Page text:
KM: There are people definitely that identify the band with the bluegrass label and I think in the beginning the song list was probably more heavily weighted towards just bluegrass kind of stuff, and as we have progressed musically we’ve branched out a little more into some different areas. But bluegrass is still a big part of what we do and always will be, we’re big fans of it, and we continue to play places like the Telluride Bluegrass Festival, Grand Targhee Bluegrass Festival, Strawberry Music Festival, that are all bluegrass based. And that’s in line with both our love of bluegrass and our love of playing these big outdoor Western festivals —acoustic music festivals basically is what they are. We continue to include the acoustic part in the band where in fact we’re trying to do even more of that, where we’ll play half a set of the night or a big segment of the night strictly acoustically. That keeps the dynamics changing too. We can go out and do that and then we’ll come out and rock it out maybe the second set or something too. Getting back to your original question there, I guess the bluegrass was probably a little more prominent in the play list in the beginning, but it continues to be a big part of what we do even though now we probably are able to cover a lot more ground musically than we were in the beginning.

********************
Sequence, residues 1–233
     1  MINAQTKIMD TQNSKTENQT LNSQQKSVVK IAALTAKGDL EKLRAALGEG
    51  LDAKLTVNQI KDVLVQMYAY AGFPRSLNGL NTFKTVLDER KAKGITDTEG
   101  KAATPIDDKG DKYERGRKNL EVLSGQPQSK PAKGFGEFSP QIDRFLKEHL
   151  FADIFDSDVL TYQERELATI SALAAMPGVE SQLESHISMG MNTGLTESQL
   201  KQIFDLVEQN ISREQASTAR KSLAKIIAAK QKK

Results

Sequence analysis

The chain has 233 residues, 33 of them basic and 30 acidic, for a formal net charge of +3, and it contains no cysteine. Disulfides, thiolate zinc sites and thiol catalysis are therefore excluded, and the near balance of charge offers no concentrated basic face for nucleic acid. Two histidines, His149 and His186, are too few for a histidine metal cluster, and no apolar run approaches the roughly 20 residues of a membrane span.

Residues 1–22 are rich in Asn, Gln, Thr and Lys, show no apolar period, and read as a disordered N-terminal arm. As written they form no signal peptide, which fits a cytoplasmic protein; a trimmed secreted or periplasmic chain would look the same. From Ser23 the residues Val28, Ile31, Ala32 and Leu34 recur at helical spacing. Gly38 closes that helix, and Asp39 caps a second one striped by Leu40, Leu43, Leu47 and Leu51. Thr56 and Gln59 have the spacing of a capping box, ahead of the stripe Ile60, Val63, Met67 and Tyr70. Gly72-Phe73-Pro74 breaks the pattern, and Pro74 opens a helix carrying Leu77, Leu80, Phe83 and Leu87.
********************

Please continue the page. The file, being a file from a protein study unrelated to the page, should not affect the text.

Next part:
VR: You started in the Western mountain region. How has the progress been outside your region where the music styles are different and you don’t get to visit as much?

KM: Well, the response has been really good. Let’s see, this will be our fifth tour to the East that we are about to embark on here and we’ve just seen crowds growing exponentially just like they have everywhere else for us. We did some shows earlier in the summer with moe. and Strangefolk. We did some shows in the Northeast with those guys who both do real well in the Northeast. The crossover was great. A lot of fans of moe. and Strangfolk came out and saw us for the first time and it was great exposure for us. The response seems to be great. It’s just a matter of getting in front of people and getting the press and what not, and so far we’re really really pleased with the growth and the way it’s going.